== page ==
And even though this was “just” volunteering, there are plenty paid jobs that amount to a similar if not lower amount of mental strain than the high-performance world of engineering. Granted, they won’t be paid even remotely as well, but that is just another parameter informing one’s place on the spectrum. I also need to admit that I definitely relish the intellectual intensity and rigor of the types of jobs I have been doing during my engineering career. There appears to be, at least for me, a necessity for any fulfilling work to incorporate sufficient elements of mental as well as bodily exercise, solitary focus as well as human interaction, complex problem-solving challenges as well as simple yet joyful tasks.
My life in Pai, brief as it was, simultaneously gave me some respite from the normal traveling routine and a working life where I found meaning in sharing my skills with people, realizing I have acquired quite some abilities over the years that are of value to others, beyond simply what I chose to do for a living. As for Pai itself, I will miss the quiet hills and distant views, the nights of live music performance I participated in with various artists at venues in town, and the routine of my life at Circus.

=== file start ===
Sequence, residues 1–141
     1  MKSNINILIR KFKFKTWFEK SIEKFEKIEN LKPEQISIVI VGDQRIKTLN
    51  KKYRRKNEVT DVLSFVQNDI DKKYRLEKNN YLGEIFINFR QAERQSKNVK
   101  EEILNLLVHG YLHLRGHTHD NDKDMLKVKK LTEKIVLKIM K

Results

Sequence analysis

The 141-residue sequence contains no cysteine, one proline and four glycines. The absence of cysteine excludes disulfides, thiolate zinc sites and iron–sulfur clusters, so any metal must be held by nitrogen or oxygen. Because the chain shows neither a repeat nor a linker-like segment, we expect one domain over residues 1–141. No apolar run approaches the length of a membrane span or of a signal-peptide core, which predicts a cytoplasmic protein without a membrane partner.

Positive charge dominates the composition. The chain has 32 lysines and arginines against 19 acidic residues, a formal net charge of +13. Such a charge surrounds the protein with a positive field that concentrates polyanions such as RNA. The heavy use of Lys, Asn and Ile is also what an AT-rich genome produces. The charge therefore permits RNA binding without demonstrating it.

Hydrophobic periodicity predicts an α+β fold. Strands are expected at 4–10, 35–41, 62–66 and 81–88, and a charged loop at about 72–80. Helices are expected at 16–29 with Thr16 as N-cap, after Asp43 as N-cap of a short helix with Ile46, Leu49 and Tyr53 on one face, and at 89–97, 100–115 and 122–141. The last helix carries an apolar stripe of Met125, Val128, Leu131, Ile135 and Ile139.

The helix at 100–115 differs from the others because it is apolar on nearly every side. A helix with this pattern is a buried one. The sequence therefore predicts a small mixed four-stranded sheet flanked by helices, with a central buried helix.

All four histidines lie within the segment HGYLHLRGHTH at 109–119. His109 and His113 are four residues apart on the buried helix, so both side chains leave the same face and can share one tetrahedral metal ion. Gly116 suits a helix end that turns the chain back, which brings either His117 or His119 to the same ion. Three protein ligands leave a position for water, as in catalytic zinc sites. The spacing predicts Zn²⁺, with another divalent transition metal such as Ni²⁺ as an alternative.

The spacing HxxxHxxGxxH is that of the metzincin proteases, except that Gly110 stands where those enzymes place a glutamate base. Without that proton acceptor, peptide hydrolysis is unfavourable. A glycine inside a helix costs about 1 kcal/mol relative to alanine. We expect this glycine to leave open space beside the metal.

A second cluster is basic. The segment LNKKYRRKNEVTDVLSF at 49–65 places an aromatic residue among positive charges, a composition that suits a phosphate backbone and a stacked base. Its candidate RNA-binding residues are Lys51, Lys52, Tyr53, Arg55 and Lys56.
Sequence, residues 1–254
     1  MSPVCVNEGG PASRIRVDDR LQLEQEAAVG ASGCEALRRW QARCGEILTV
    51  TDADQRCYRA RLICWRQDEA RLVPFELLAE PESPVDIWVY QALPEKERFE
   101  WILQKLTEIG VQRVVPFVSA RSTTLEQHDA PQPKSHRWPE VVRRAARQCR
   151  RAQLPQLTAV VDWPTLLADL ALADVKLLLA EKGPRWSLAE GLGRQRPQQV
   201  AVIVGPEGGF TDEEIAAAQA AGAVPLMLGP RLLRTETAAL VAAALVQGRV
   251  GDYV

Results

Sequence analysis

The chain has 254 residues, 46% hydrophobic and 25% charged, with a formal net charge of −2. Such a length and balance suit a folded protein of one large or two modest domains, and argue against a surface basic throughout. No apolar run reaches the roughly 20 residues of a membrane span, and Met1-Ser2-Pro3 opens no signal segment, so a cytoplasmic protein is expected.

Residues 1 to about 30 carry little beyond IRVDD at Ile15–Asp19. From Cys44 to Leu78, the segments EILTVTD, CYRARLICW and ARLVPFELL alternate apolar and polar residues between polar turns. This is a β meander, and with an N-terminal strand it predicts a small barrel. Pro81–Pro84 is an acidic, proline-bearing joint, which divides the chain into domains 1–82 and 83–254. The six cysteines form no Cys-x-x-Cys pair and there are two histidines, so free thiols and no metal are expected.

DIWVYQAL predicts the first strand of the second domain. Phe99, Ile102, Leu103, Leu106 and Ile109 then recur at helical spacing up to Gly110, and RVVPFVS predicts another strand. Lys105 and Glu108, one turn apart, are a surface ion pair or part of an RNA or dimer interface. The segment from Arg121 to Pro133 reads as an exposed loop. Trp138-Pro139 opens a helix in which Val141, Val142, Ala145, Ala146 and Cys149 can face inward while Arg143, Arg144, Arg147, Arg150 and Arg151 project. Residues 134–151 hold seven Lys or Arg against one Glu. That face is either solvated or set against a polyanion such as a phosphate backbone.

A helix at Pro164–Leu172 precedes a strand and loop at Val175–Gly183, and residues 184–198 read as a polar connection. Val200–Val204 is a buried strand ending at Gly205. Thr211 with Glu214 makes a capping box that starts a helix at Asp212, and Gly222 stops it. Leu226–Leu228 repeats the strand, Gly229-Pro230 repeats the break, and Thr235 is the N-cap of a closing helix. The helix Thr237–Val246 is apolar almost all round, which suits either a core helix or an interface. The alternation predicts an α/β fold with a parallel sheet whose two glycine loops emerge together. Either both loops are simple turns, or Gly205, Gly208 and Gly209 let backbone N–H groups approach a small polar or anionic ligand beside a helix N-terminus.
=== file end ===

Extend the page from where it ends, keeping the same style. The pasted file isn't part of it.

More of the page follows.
But now, it is onward again, to Laos for the next three weeks, searching for some peaceful, solitary places which I know I can find in this little cousin to bright and bustling Thailand. I’ll go on my longest motorcycle adventure yet – a five-day, 750km loop into the remote, staggeringly beautiful northern region of Laos, near the border with China.
Let’s see what happens along the way.
October 3rd, 2022